BBC toppers received big pay raises and bonuses last year despite the audience deception scandals that hit the pubcaster.
Director of vision Jana Bennett drew a 24% raise, according to the annual report for 2007-08 published Tuesday. She was criticized for her role in the debacle about a trailer for a docu on Queen Elizabeth II, which was edited to make it appear that the queen had stormed out of a photoshoot. However, her £23,000 ($45,300) bonus was discounted by 40% because of “editorial lapses” that had occurred in her department.
Jenny Abramsky, soon to step down as director of audio and music, received a 27% pay hike. Both Bennett’s and Abramsky’s departments were involved in cases of audience deception related to phone-in lines for high-profile shows, including the long-running children’s show “Blue Peter” and charity fund-raisers “Children in Need” and “Sport Relief.”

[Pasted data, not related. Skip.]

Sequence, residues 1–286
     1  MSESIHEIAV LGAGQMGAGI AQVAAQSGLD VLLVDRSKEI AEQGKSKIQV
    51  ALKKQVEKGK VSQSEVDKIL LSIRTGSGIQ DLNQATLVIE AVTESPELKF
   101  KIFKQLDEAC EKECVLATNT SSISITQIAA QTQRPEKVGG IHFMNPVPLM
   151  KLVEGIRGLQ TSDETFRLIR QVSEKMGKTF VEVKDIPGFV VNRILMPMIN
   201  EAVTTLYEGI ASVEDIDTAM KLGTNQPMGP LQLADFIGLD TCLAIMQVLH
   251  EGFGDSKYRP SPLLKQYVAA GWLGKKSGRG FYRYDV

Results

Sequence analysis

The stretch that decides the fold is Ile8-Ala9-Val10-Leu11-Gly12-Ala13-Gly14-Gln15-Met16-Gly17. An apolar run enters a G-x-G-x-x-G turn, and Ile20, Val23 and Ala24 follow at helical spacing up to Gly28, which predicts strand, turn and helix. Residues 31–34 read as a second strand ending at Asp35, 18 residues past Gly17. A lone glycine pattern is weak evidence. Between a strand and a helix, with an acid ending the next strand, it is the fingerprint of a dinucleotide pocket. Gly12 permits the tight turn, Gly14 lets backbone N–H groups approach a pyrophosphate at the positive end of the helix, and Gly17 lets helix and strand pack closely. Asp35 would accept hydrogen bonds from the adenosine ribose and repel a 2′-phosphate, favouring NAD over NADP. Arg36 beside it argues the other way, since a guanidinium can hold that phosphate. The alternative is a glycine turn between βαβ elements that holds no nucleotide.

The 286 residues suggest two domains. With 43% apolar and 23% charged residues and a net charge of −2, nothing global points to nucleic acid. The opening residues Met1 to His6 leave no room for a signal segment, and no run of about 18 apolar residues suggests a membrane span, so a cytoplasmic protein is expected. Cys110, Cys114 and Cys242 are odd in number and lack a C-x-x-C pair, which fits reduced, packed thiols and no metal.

But director general Mark Thompson gave up his bonus for the fourth year because an economy drive is forcing the pubcaster to cut 1,800 jobs and production budgets.
“In this period of rapid change… it didn’t feel right,” said Thompson.
However, most of Thompson’s colleagues accepted their bonuses.
The biggest, $165,000, went to BBC Worldwide’s CEO John Smith, whose division — the pubcaster’s commercial arm — upped profits by 17% to a record $232 million.
Thompson defended the pay policy, saying that in many cases, execs earned “a tiny fraction” of what they could make in the private sector.
“Some (job) candidates literally roll on the floor laughing when you mention (BBC) levels of pay,” he added.